Bitstream Encryption and Authentication

The device bitstream is always encrypted and authenticated to be DPA-resistant. A factory-defined default key (KLK) is used when the user does not specify a user encryption key (UEK1/UEK2), thus disallowing the use of a plaintext bitstream.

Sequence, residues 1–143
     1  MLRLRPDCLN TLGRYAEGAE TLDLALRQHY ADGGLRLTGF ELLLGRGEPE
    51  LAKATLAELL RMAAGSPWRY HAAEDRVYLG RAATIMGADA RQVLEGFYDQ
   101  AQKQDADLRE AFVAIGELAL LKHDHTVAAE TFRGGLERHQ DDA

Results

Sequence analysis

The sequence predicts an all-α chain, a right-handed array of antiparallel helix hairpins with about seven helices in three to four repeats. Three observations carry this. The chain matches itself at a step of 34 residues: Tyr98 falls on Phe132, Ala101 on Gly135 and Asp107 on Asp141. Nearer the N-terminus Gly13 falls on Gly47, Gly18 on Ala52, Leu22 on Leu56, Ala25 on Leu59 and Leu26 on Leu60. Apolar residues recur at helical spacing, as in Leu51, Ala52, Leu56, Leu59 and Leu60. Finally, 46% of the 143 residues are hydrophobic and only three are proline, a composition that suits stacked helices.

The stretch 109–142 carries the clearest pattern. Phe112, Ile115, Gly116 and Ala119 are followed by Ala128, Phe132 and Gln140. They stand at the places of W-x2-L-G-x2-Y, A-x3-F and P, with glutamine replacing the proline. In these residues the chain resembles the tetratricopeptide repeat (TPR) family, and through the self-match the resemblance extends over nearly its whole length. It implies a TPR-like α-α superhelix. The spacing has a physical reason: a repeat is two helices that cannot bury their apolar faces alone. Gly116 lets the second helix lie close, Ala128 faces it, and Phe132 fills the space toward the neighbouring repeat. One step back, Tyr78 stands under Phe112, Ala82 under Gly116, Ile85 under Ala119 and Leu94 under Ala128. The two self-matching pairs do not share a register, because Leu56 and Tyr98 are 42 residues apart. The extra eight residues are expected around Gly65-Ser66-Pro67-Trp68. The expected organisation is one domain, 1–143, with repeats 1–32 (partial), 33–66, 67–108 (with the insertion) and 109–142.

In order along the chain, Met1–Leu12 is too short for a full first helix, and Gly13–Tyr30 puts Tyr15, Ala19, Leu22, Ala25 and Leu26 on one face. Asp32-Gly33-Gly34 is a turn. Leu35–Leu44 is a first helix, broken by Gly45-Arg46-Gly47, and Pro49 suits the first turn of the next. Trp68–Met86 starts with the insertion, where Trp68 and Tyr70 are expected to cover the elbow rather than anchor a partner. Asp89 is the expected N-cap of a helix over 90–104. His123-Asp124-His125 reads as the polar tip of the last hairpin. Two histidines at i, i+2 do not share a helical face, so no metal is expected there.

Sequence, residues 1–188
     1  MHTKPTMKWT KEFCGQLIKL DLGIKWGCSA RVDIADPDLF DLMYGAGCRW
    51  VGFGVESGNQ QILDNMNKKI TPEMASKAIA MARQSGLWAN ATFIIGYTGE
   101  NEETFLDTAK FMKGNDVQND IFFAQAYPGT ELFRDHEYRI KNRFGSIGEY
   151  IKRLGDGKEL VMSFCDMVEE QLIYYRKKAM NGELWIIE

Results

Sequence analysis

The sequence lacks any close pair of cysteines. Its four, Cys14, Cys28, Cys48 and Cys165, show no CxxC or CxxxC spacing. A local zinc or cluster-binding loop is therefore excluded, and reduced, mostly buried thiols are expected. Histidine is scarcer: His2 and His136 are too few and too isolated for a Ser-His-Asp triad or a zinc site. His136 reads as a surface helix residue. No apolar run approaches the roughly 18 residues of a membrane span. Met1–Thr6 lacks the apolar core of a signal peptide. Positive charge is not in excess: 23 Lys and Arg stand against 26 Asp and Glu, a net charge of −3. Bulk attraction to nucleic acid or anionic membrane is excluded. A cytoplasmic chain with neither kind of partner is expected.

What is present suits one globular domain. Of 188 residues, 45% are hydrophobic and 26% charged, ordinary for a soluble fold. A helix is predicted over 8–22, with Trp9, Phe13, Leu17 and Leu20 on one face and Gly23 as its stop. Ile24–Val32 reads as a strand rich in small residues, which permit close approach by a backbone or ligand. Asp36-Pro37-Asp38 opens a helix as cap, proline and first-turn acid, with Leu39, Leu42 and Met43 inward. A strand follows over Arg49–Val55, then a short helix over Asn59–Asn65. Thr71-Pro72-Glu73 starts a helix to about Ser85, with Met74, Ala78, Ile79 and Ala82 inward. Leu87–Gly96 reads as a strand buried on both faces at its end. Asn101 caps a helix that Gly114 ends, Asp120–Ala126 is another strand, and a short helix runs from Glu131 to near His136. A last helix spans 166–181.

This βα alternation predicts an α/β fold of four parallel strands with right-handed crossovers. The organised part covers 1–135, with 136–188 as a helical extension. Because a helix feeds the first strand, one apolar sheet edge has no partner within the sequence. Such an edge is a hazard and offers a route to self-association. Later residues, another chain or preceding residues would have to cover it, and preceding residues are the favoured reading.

The bitstream is encrypted with the AES-CTR mode using 256-bit secret key, and then an authentication tag is added using a symmetric message authentication code (MAC) based on SHA-256. The encryption key is permuted after every ciphertext block to protect the AES encryption from DPA attack. The bitstream authentication is provided by a licensed protocol from CRI. This protocol uses SHA-256 and proprietary algorithms for checking authenticity in a way that resists differential power analysis and other side-channel attacks. Under this protocol, data is never decrypted unless it has first been authenticated. Additionally, decryption keys are hashed frequently to improve DPA resistance. DPA resistance is also included in the AES and SHA algorithms implemented in the system controller's cryptographic processor.